France at Last
Hello from Sweden! I’ve just finished my first day of WWOOFing north of Stockholm, and I’m writing this in a greenhouse thing in which you feel like you’re outside when you’re not. It’s all pretty good so far. But more about that in the next post. This one is about France!
It feels kind of odd that it took me so long to get to France, since for most of my life I’d been planning obsessively for my junior year abroad there. But I finally made it, and it was extra good because I had Camille to show me the country properly. I arrived in Paris relatively early on the first day so we had quite a bit of time, and I saw the area called Montmartre. I liked it a LOT, as my mom had predicted, because there were lots of windy streets. The Sacré-Cœur is also there, a church which was built to remind the defeated revolutionaries of the second French Revolution that religion would always have an important place in France. Nearby we stumbled across a fantastic vintage store, where I bought a skirt for five euros and a dress for ten. We also went to the red light district, and I saw the Moulin Rouge of course. Then we had a very late dinner, which was well worth the wait. It was actually one of the best meals I’ve ever had. It was in a tiny restaurant with a hot waiter, and I got a tartiflette (a cheese/meat thing) and a Crème brûlée. Both were INCREDIBLE.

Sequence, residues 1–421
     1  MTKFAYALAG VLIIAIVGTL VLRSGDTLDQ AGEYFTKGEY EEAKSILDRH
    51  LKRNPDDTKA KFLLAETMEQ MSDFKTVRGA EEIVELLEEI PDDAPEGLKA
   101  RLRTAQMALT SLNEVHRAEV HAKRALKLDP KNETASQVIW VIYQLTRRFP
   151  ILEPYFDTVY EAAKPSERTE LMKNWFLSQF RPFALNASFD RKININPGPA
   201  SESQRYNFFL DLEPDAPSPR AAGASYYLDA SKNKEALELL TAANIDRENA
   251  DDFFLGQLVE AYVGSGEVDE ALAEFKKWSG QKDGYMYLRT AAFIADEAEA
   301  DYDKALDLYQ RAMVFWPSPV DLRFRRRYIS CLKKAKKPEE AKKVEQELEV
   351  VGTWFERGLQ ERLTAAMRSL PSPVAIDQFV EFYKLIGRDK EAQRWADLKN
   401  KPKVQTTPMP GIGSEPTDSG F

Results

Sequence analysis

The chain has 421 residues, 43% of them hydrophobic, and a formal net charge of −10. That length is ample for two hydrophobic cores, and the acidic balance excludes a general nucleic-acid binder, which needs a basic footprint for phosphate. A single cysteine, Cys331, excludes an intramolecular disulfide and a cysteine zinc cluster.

Over the next few days Camille and I took walks around a lot of the famous sights of Paris. We went past the National Assembly, the square in front of it where a bunch of famous people got their heads chopped off, some famous fountain, the Louvre, a bunch of university buildings, the catacombs, the Champs-Élysées,Camille’s favorite Parisian graveyards (she’s weird), a beautiful park, and more. We also visited Notre Dame, which I really liked. I think it might be my favorite cathedral that I’ve seen in Europe, actually. We went to the top of it and saw some great views of the city. We went to the Jewish quarter and ate some falafels on the second night, and then Camille showed me the bizarre and modern library that she spends her life in while she studies in Paris. We also tried Berthillon, the famous ice cream place, and it REALLY lived up to its reputation. I think I might have liked it better than the one gelato place in Italy, actually (!). Another night we went to Shakespeare and Co., the English bookstore, which was THE COSIEST PLACE ON EARTH. I could have curled up with a book and fallen asleep there. Oh, and of course I saw the Eiffel Tower! Maybe because it’s SO famous I didn’t think about it that much before going there, because I knew I would see it at some point, but it was AWESOME. You can really see how enormous it is because there’s so much space in front of it, unlike the Empire State Building which, of course, is next to a bunch of other skyscrapers. We spent our last day in Paris at Versailles. I was amazing, and would have been more amazing without the crowds of tourists, I’m sure. Unfortunately we didn’t have time to see Marie Antoinette’s nearby castle or much of Versailles’ gardens, which was too bad since Camille said those are the best parts.